Wave of Labour frontbenchers resign to back calls for ceasefire in Gaza

A wave of Labour frontbenchers including senior MP Jess Phillips have resigned in order to back an SNP motion calling for a ceasefire in Gaza, in a blow to Sir Keir Starmer's authority.

Afzal Khan, Yasmin Qureshi, Paula Barker and Naz Shah are among the eight shadow junior ministers that quit in order to defy party orders to abstain from the vote.

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Rachel Hopkins, Sarah Owen and Andy Slaughter have also left their frontbench roles after breaking the party whip to back the amendment.

MPs voted 293 to 125, majority 168, to reject the SNP's King's Speech amendment calling for "all parties to agree to an immediate ceasefire" in Gaza.

But in a blow to Sir Keir's authority:

  • 56 Labour MPs backed the SNP position despite Labour's stance

  • Eight shadow ministers quit, bringing total resignations since the war started to nine

  • Two parliamentary private secretaries, Dan Carden and Mary Foy, also quit

The MPs who rebelled say Sir Keir's calls for humanitarian pauses in the Israel-Hamas war don't go far enough.

Protesters descended onto Parliament Square ahead of the vote, where they waved Palestinian flags and could be heard chanting "ceasefire now".

In a statement Sir Keir said he regretted that party colleagues had not backed his position.

But he added: "I wanted to be clear about where I stood, and where I will stand. Leadership is about doing the right thing. That is the least the public deserves. And the least that leadership demands."

The Labour Party has been divided over its approach to the Middle East conflict.

The Labour leader has backed the government's position of pushing for humanitarian pauses in the fighting to allow aid to reach Palestinians trapped in the bombarded territory, but stopping short of calling for a total cessation of hostilities - saying that would "embolden" Hamas.

The resignations tonight mean that nine shadow ministers have quit over Labour's position in total, after Imran Hussain stepped down last week.

Sky News's political correspondent Tamara Cohen described the resignations as possibly the "biggest challenge to Starmer's authority" yet.

Some resignations were expected after Labour MPs were ordered to abstain on the SNP motion and told instead to back Sir Keir's position calling for longer "humanitarian pauses".

By tradition, those occupying frontbench positions are bound by a collective responsibility that they support the party's official line - although so far Sir Keir has allowed some to deviate by expressing support for a ceasefire in Gaza.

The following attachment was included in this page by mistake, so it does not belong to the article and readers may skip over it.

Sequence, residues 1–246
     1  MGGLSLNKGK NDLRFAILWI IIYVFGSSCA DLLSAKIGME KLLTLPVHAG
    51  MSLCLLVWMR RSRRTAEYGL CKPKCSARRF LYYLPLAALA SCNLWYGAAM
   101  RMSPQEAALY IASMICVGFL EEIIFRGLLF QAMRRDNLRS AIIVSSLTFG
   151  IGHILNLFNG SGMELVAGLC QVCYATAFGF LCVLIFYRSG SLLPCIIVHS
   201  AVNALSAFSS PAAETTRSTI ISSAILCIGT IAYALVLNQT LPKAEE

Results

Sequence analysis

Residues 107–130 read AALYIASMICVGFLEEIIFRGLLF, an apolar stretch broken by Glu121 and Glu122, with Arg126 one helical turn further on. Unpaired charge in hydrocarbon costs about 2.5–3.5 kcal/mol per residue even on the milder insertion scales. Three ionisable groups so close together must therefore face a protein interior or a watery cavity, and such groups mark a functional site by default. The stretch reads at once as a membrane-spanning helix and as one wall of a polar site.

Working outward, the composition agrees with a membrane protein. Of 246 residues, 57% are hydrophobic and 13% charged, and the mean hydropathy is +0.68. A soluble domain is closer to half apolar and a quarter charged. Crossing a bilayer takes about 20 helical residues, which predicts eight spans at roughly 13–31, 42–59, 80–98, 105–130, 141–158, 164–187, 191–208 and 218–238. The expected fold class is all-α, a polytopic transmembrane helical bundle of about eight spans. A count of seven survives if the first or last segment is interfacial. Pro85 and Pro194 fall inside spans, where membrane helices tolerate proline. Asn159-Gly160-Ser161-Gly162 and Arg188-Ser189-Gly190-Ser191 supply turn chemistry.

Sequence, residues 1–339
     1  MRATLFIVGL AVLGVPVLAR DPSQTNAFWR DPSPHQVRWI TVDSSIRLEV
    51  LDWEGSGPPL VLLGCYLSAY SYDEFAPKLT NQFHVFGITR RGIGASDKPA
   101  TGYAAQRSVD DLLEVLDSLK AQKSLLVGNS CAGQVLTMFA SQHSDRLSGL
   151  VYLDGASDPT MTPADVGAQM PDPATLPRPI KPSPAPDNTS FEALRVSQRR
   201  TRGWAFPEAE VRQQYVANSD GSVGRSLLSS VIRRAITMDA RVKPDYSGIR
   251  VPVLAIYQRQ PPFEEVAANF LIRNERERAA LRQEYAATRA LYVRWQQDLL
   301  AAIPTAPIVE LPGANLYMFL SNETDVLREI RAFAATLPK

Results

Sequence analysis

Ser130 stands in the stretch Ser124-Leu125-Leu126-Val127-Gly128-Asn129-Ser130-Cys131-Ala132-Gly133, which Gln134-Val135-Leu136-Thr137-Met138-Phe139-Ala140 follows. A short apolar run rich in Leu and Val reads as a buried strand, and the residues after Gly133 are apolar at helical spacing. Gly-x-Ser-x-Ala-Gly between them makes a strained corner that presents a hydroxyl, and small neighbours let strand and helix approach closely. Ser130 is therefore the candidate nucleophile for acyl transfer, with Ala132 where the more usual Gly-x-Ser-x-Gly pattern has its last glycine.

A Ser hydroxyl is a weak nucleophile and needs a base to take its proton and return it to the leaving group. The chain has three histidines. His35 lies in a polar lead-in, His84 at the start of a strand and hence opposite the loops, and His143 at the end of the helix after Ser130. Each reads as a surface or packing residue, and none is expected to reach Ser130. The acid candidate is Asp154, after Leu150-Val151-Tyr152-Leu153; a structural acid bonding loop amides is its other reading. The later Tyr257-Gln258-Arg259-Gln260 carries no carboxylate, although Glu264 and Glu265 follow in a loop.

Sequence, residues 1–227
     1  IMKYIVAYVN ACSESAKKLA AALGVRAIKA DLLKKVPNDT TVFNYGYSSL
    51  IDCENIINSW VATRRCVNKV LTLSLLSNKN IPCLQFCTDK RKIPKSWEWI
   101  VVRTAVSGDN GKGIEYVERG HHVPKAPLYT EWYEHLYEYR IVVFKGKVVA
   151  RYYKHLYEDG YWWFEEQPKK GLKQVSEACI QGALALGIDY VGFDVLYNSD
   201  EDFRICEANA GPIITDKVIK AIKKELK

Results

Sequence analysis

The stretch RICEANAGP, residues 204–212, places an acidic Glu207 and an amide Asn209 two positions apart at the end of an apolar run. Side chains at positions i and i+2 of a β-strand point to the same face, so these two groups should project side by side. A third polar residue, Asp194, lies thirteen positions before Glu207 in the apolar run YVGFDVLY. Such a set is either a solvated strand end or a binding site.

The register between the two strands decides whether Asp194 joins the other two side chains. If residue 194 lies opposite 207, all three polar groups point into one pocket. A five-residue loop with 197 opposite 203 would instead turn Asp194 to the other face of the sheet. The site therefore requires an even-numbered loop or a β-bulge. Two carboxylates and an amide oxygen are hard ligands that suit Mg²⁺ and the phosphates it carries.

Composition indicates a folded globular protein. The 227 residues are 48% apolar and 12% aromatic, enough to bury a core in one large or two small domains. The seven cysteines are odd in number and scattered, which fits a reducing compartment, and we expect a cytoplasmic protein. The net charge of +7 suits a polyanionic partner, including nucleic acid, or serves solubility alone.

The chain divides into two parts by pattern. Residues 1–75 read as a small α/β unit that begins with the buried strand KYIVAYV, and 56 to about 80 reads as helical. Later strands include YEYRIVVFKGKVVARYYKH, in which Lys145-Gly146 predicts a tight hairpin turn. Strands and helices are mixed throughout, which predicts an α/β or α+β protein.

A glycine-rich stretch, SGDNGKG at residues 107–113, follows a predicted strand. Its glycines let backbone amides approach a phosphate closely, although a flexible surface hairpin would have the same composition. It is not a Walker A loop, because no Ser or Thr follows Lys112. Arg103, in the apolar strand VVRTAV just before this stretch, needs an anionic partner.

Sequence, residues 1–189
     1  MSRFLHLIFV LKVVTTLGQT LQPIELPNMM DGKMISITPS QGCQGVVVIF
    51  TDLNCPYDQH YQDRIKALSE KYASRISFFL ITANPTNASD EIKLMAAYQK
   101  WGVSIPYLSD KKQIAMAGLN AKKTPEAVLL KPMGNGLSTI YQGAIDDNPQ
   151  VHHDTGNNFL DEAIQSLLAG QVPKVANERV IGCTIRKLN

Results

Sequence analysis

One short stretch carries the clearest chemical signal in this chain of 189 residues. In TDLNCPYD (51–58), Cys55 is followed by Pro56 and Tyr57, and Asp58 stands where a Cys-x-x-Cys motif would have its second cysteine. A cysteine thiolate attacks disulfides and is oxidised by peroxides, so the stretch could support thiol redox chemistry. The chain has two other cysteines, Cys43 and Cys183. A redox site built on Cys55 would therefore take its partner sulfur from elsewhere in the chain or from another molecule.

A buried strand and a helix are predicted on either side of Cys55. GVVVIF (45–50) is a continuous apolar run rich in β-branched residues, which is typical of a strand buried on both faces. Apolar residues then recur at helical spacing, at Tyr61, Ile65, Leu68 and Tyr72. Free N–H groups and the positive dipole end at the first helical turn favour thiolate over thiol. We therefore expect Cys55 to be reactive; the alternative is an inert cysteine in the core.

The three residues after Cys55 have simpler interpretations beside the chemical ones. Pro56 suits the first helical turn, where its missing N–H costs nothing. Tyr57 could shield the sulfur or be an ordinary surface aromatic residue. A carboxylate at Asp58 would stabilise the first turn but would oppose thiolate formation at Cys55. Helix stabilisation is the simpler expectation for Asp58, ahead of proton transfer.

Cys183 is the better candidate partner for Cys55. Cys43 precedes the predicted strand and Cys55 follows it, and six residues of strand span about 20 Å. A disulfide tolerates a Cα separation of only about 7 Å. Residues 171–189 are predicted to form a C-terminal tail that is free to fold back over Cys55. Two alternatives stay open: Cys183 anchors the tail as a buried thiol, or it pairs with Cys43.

Frontbenchers who rebel to back a rival amendment would normally face the sack - or be expected to resign - for breaking the party whip.

Phillips quitting 'with heavy heart'

Ms Phillips, the most high profile MP to step down, said it was with a "heavy heart" that she quit the frontbench.

In a resignation letter, the Birmingham Yardley MP and former shadow minister for domestic abuse wrote: "This week has been one of the toughest weeks in politics since I entered Parliament.

"I have tried to do everything that I could to make it so that this was not the outcome, but it is with a heavy heart that I will be leaving my post in the shadow Home Office team.

"On this occasion I must vote with my constituents, my head, and my heart which has felt as if it were breaking over the last four weeks with the horror of the situation in Israel and Palestine.

"I can see no route where the current military action does anything but put at risk the hope of peace and security for anyone in the region now and in the future."

Meanwhile Ms Shah said her email inbox is full of messages from constituents who agree with her position.

She told the Politics Hub with Sophy Ridge: "We have to make our positions clear... our job in Parliament is to use our platforms to convince people, which is what I did in the chamber earlier.

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"I'm not alone in calling for a ceasefire... my inbox has thousands of emails about a ceasefire. This is an issue that the British public feel strongly about.

"At some point there will be a ceasefire. Had we called for a ceasefire yesterday, 144 children might still be alive. A child dies every 10 minutes."

Some Labour MPs expressed their support for a ceasefire but said they abstained from the SNP motion, calling it "divisive".

However the SNP said the motion would allow MPs to vote with their conscience on the war, which broke out following the surprise Hamas attack on Israel on 7 October, that saw around 1,200 people killed, according to Israel's foreign ministry.

Since then over 11,000 people have been killed in retaliatory attacks on Gaza, according to the Hamas-run health ministry.

SNP Westminster leader Stephen Flynn said: "It's shameful that a majority of Tory and Labour MPs blocked calls for a ceasefire - and have condoned the continued bombardment of Gaza, which has killed thousands of children and civilians, in breach of international law.

"It is clear that support for a ceasefire would have been even stronger tonight if Keir Starmer had not threatened Labour MPs with punishments if they voted for peace."